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Thanksgiving part 2. The turkey





The turkey



Thanksgiving recipes.


Here are some basic recipes for the thanksgiving meal followed by a few creative ones.


Roast turkey. (10ppl)

15lb turkey


1 gal water

1 cup kosher salt

¼ cup light brown sugar

½ t thyme

½ t sage

½ t black pepper

Pinch of nutmeg, rosemary and marjoram

Day 1

Dissolve salt and sugar in 1 cup hot water in a small sauce pan. Add cold water and ice to make 1 gallon and mix in all the seasoning. Let brine cool.


Rinse turkey and place in a large enough plastic bag to hold turkey and brine. Place the bag with turkey and brine in a bucket or pan inside refrigerator overnight, 24 hours before you will cook it.


Day 2

Next day, remove turkey from brine and rinse. Pat turkey dry and place in roasting pan, let dry for at least one hour.


Season with poultry spice (mix ½ t thyme, ½ t sage, ½ t black pepper and pinch each of rosemary, marjoram snd nutmeg)

Place in preheated 350 oven for 15 minutes/lb, check with meat thermometer by thigh, cook to 165 degrees.

Remove from oven and rest 30 min. Carve and serve.

In the above pictures I am roasting the turkey breast on the bone and I have boned out the leg, seasoned and rolled it. This makes it easy to lop of one breast and slice it up on the cutting board and open one package of leg and slice it up as well.



2 quarts of turkey stock.

½ cup butter melted

½ cup flour

½ Tablespoon turkey seasoning

½ teaspoon black pepper

1.5 Tablespoon salt


For good gravy you need stock. Use the wings or wing tips, neck and giblet for making the stock. Roast the neck, wings and giblets first until they get a nice brown color. (you can often find necks, wings and bones for sale around the holidays for this use)

Put the turkey parts along with 1 gallon of water, ½ carrot, ½ onion, 1 stalk of celery, 8 peppercorns, ½ teaspoon each of thyme, sage, rosemary and marjoram.

Simmer the stock until the bones fall apart at the joints usually about 3-4 hours and top up the water as needed so the pot does not become dry. You want it to reduce a bit and end up with about 2 quarts of stock.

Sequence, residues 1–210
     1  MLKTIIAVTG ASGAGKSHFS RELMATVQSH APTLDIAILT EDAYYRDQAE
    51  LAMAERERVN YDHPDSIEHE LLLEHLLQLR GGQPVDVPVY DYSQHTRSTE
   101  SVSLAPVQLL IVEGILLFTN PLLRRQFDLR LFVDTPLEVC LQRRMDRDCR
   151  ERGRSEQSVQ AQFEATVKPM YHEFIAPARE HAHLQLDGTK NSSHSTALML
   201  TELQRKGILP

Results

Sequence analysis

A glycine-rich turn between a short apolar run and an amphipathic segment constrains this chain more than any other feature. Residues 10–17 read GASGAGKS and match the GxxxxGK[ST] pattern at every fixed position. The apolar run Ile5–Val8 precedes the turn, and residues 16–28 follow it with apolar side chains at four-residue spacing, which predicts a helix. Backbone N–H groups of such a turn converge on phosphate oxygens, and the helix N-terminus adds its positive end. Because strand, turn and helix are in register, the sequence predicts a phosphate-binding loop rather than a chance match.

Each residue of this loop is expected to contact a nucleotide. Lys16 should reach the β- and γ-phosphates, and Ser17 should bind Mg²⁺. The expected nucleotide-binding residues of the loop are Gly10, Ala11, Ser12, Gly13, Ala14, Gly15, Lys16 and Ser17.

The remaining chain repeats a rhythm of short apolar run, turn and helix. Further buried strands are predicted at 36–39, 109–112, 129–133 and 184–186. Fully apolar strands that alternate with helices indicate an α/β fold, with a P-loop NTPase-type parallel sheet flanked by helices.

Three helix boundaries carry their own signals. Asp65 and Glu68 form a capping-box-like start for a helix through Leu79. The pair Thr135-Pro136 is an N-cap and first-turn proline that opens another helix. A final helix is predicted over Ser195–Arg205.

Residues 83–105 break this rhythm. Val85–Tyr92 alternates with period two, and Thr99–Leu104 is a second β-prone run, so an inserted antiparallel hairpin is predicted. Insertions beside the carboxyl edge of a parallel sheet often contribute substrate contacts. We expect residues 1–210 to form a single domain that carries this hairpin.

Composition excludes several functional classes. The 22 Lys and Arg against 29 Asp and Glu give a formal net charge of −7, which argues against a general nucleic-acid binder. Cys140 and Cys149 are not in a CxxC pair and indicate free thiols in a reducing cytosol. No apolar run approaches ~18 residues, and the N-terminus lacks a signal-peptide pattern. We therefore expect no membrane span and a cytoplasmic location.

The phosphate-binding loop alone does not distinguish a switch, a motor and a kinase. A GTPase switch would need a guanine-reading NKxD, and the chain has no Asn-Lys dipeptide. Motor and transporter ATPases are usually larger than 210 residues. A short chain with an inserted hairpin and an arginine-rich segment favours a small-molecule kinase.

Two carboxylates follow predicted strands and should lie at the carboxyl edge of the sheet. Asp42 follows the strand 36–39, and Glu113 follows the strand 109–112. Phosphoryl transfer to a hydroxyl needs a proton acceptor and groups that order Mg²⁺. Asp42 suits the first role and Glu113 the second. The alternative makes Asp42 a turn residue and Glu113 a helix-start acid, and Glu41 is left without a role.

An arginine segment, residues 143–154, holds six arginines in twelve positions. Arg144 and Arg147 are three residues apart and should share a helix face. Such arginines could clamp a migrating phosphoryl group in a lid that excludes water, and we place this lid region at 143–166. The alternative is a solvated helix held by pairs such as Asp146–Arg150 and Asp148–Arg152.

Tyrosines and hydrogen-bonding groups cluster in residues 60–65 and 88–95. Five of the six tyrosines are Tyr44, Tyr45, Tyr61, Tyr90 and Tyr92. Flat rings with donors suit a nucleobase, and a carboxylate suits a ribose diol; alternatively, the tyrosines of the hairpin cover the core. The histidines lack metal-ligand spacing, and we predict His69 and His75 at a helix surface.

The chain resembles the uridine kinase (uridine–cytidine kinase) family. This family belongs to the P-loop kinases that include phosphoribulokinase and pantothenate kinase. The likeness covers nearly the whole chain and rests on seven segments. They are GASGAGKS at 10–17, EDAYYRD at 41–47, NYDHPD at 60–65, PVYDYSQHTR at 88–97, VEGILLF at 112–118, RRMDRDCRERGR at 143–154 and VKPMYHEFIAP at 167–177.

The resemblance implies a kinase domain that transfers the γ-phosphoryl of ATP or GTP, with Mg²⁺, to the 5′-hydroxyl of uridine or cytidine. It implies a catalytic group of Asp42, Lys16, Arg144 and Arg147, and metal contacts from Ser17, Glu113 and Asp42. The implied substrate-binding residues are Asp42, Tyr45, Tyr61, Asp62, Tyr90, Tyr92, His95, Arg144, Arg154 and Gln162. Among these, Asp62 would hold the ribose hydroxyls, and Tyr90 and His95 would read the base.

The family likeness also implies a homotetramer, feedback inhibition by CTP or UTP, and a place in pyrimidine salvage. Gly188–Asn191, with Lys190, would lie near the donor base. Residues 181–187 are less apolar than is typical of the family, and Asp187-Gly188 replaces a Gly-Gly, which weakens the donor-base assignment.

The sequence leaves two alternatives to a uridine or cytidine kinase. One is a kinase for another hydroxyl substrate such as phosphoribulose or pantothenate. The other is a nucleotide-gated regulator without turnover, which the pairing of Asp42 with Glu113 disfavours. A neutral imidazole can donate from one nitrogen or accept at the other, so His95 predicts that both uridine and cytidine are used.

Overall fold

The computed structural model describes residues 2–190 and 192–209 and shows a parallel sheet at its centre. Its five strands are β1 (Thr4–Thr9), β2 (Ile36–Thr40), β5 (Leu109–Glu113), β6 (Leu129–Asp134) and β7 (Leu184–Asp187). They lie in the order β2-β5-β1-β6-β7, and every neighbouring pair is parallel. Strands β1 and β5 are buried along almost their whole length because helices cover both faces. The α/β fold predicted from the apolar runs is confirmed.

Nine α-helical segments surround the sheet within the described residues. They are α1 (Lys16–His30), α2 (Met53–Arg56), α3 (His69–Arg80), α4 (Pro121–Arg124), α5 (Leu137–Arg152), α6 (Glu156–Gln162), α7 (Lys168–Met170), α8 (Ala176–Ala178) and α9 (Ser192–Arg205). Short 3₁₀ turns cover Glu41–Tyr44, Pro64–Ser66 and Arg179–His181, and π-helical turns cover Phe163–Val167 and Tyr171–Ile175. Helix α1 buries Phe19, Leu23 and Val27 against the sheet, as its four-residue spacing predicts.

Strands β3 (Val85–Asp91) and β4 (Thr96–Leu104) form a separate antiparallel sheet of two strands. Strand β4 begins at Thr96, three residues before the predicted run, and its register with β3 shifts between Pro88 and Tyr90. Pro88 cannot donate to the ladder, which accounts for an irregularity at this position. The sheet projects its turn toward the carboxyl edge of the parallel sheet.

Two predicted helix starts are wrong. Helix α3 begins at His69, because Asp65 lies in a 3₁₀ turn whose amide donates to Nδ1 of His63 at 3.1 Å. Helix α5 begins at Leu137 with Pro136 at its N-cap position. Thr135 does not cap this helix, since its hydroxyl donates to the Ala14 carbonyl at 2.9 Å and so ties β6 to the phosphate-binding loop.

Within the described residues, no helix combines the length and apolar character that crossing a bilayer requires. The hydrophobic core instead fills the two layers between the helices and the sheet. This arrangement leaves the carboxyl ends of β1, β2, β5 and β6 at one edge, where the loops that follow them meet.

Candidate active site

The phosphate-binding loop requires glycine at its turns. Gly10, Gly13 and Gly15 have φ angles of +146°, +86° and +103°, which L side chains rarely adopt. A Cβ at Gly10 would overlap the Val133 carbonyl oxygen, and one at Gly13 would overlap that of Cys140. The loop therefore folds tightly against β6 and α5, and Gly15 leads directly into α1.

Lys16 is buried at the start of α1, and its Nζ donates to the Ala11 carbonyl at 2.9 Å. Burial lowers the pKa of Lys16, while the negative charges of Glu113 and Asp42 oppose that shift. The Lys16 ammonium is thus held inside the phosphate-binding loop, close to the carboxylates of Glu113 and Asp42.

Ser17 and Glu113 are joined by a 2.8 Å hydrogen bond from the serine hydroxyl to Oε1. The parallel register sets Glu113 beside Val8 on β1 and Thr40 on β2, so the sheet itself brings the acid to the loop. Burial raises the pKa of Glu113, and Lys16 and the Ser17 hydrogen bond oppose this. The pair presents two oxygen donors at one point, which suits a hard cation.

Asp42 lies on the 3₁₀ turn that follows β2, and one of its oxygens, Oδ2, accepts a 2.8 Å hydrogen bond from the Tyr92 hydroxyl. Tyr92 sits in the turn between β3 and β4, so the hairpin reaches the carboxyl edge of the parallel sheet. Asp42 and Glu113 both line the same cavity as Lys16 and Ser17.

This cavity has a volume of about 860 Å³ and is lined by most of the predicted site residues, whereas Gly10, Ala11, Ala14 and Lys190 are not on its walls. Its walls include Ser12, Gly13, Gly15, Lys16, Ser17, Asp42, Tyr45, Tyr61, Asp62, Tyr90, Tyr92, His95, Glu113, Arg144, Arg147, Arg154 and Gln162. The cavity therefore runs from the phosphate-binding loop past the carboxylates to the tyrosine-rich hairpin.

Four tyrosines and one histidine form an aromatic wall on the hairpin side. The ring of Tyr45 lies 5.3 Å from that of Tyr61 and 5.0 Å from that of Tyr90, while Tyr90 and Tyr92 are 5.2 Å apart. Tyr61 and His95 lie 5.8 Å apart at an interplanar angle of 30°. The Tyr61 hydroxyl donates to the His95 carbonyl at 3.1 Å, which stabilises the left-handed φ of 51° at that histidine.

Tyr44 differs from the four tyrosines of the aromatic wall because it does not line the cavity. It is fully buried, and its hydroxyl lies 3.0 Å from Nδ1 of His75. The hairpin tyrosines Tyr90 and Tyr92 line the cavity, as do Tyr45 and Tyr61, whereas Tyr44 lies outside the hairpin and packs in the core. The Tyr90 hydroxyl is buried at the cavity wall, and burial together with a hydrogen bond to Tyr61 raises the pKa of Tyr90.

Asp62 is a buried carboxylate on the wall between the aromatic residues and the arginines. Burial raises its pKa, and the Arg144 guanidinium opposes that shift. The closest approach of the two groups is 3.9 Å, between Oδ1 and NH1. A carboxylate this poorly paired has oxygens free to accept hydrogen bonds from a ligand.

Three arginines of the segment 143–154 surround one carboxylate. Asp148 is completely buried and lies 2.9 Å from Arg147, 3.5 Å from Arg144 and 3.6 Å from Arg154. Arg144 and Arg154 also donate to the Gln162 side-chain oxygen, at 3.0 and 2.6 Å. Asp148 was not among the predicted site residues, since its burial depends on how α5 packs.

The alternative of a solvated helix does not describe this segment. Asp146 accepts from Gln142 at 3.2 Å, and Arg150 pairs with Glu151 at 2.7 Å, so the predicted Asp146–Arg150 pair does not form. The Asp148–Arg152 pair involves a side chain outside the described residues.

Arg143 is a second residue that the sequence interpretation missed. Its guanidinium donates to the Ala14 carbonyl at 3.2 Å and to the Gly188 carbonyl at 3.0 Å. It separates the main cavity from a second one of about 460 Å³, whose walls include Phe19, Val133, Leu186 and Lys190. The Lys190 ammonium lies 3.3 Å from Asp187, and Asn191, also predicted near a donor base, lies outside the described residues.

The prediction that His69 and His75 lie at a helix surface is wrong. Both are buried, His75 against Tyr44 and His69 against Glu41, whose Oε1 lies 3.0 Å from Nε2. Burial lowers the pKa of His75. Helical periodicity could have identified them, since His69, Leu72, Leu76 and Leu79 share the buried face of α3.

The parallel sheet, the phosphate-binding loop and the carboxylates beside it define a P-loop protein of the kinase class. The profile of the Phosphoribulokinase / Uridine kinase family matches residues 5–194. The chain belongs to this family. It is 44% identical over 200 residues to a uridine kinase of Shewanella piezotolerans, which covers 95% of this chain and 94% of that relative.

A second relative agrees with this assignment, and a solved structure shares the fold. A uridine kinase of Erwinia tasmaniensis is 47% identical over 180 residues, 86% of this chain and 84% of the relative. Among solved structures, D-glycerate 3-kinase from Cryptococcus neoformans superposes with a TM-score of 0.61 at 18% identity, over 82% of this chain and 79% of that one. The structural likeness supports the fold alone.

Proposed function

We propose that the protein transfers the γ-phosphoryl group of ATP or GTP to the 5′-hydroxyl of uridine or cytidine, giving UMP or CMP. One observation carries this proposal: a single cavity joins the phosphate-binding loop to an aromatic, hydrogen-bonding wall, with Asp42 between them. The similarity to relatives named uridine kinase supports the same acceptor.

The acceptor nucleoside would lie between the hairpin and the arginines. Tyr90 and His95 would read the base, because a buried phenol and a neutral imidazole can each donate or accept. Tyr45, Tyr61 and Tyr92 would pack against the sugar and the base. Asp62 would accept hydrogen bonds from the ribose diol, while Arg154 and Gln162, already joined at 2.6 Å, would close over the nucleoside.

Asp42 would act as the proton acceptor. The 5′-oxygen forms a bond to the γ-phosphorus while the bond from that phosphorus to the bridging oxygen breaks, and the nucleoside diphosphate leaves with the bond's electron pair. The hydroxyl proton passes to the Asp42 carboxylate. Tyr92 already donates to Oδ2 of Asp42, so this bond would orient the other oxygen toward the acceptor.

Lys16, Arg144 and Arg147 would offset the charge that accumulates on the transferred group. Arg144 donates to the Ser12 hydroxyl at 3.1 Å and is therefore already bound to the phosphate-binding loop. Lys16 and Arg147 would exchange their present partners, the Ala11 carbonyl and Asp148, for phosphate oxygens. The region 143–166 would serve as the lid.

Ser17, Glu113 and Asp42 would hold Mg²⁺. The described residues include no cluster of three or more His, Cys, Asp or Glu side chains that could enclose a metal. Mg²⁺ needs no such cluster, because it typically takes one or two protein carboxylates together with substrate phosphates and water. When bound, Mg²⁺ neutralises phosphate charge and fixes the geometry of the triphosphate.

Strain the stock well and skim off most of the fat off the top.


In a 4 quart pot, melt butter over low heat and whisk the flour into it. Cook the mix gently over low heat for a 2-3 minutes, it should be lightly brown. Cool the flour butter mix to room temperature, then whisk in 5-6 cups warm stock. Let the gravy simmer slowly while stirring to make sure it does not stick to the bottom and burn.

Season the gravy with ½ tablespoon of turkey spice (sage, thyme, marjoram and rosemary), ½ teaspoon black pepper and 1.5 Tablespoon salt. You should cook it 20-30 minutes to get rid of any flour taste. Sample the gravy and adjust the seasoning to your liking. The extra 2 cups of stock can be used to thin the gravy if it is too thick or to dilute it in case it gets too salty. This is why you do not salt stock when making it.


Strain the gravy and it is ready to serve.



Mashed potatoes


Use red potatoes, white potatoes or even Russet (bake) potatoes which will all mash well, avoid yellow potatoes like Yukon gold as they are waxy and can be difficult to mash.


10-12 portions


5 lbs potatoes peeled

Water for boiling

1 Tablespoon salt


1 ¼ cup milk warm

1 ½ stick of butter soft

½ teaspoon salt

¼ teaspoon white pepper


Peel the potatoes and cook them whole in enough water to cover by at least 1 inch, add the tablespoon of salt.

Cook the potatoes until they get mushy, about 35-45 minutes. There should be no firm parts. (if you drain them and find some are still not fully cooked, bring water to boil and return them to cooking until done)

Drain the potatoes and put them in a large bowl or back in the cooking pot.

The potatoes should be soft and easy to mash by hand. Mash and them quickly first, then add the butter, milk, pepper and salt. Now stir them up well with the masher or a spoon, taste and adjust the salt and pepper.

I often use some sour cream instead of some of the milk for a nice flavor.


Mixing potatoes with a mixer can make them gluey as it will develop gluten strands from the starch.  Quick mixing will minimize any risk or that. Undercooked potatoes will often end up gluey and lumpy. Other reasons for gluey and lumpy potatoes can be using cold milk and trying to mash the potatoes after adding the milk.


So we have the turkey, gravy and mashed potatoes covered and a drink in hand from yesterdays installment.


Next we will tackle sides and dessert.


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